It was June, 1994 and I was taking summer courses at the University of Regina when I walked into the dorm lounge and saw everybody crowding around a television set watching aerial footage of a white Ford Bronco driving on the highway. “What’s going on?” I asked. One of the guys briefly turned and replied: “It’s O.J.!”
I had never been a big football fan, and so my knowledge of O.J. Simpson was sketchy at best. But over the next couple years, I would join millions in watching with morbid fascination as his life was laid bare in what would be widely billed as the “Trial of the Century.”
Later I remember my disbelief and anger when, on October 3, 1995, O.J. was acquitted of the murders of Nicole Brown Simpson and Ronald Goldman. I was completely incredulous as to how such a gross miscarriage of justice could occur. Even more incredibly, as I would later discover, the jury took a mere three hours to reach a decision after a 9 month trial.
The new long-form documentary O.J.: Made in America explains the logic of those ill-fated jury deliberations. As one of the jurors candidly put it, the acquittal of O.J. was “payback” for the beating of Rodney King. And while other jurors would surely not agree, it’s a jaw-dropping moment of candor which points us to the ultimate focus of this documentary.
In short, the real guilty party being placed on trial here is not simply O.J., but America itself.
Director Ezra Edelman builds his case with an initial contrast between the supposedly progressive 1960s Los Angeles and the bald and systemic racism of the Deep South. But that progressive patina was shattered with the Watts Riots of 1965. Edelman goes on to include several more instances of systemic racism and police corruption culminating in the 1992 riots that followed the acquittal of the officers who beat King. The inescapable lesson: racism remains a terrible problem on the progressive Left Coast. And it is only when we understand the depth of rage and alienation of those who endured this racism for years that we can begin to grasp the logic of that “payback”.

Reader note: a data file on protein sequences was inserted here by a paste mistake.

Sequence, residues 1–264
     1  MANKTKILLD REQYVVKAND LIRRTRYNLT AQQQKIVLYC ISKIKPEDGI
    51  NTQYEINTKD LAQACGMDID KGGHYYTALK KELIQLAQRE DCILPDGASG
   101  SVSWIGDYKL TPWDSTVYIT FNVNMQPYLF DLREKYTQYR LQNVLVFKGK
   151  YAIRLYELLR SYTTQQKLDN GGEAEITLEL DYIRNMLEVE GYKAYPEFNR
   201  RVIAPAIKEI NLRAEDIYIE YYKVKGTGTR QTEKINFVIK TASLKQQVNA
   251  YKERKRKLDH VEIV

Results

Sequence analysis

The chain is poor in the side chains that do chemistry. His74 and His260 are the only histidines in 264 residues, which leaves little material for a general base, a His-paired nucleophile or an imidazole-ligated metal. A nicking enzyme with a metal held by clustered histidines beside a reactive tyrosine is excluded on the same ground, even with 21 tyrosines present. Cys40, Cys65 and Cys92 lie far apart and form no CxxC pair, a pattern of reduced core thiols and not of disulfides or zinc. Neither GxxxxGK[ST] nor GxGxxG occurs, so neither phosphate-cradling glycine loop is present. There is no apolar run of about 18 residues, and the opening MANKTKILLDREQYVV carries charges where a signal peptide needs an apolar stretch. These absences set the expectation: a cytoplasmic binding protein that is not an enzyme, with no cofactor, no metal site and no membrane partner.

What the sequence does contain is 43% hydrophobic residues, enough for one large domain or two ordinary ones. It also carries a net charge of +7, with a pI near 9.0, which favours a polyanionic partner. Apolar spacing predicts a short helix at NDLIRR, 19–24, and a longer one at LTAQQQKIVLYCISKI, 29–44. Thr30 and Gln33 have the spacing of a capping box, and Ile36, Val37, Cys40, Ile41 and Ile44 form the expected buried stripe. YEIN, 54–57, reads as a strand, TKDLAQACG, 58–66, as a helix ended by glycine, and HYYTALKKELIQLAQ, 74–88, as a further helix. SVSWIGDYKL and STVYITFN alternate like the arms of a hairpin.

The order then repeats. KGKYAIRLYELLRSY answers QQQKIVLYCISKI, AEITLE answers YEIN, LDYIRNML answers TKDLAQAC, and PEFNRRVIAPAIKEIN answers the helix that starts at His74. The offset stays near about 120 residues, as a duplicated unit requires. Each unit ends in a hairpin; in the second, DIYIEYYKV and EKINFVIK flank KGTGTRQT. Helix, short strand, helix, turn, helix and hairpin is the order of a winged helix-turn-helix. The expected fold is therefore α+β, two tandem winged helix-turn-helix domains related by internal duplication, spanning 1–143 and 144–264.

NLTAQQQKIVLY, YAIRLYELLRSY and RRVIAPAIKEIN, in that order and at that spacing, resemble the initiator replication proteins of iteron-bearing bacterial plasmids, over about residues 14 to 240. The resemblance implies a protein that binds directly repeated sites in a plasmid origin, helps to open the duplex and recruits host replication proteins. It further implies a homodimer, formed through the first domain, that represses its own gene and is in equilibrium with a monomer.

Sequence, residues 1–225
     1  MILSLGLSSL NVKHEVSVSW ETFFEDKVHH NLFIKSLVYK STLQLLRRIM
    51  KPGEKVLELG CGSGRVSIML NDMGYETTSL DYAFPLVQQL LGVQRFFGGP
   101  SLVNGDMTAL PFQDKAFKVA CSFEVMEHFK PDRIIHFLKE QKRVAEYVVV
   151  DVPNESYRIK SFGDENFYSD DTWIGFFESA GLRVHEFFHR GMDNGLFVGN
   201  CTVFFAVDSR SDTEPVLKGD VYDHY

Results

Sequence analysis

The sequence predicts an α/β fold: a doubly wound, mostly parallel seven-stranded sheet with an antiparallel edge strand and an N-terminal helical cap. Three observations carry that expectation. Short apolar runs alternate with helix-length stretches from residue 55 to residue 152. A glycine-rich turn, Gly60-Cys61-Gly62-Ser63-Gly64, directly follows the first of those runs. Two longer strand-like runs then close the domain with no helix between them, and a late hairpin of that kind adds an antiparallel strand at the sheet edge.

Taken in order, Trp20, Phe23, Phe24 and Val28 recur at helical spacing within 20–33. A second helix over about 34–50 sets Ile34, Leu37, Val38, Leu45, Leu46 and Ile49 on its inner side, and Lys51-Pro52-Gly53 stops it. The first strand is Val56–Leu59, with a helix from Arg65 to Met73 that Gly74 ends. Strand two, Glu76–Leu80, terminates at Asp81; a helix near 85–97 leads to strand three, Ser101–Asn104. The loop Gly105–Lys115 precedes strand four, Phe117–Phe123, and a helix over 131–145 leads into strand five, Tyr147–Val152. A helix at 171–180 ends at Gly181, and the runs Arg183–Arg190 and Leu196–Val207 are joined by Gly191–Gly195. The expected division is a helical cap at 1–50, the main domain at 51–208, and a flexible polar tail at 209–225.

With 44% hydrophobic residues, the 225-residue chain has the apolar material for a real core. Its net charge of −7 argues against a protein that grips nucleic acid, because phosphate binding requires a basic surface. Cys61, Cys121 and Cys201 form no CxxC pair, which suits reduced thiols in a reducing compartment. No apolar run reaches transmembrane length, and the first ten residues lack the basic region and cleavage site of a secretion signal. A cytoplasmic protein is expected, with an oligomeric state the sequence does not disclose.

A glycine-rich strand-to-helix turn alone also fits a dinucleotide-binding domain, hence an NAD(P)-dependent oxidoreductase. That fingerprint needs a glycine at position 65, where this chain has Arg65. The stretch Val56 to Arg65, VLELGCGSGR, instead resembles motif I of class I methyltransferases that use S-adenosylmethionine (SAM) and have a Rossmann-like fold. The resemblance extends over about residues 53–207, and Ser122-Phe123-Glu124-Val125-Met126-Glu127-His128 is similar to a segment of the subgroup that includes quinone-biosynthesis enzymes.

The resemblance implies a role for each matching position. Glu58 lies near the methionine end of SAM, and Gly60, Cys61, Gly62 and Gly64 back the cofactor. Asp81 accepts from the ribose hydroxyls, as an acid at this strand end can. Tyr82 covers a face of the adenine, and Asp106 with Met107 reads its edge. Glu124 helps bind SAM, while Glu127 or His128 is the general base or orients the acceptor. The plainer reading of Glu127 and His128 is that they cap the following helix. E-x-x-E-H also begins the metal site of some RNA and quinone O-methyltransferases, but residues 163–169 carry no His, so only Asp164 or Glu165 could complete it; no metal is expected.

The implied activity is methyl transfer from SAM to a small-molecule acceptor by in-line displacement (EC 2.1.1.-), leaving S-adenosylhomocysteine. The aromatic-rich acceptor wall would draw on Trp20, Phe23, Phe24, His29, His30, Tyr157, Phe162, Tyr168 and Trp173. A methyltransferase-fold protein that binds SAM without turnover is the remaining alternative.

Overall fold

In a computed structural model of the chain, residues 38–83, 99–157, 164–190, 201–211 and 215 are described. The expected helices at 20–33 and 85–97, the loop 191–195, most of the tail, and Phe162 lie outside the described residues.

As for O.J. himself, he strikes me as a shell of a human being, that which aptly fits the profile of a clinical psychopath. Like Donald Trump, he is utterly obsessed with personal fame, adulation, and the satisfaction of his primal desires. He has no impulse control and he cavalierly manipulates people to his own ends while exuding a superficial charm.
But again, O.J. is merely a symptom of the problem. Whether it is the systemic racism underlying the trial or the nauseating tabloid news cycle that followed it, O.J. is a mirror on the culture that made him what he is. If he is Frankenstein’s monster, we have created him, and so we must share the guilt.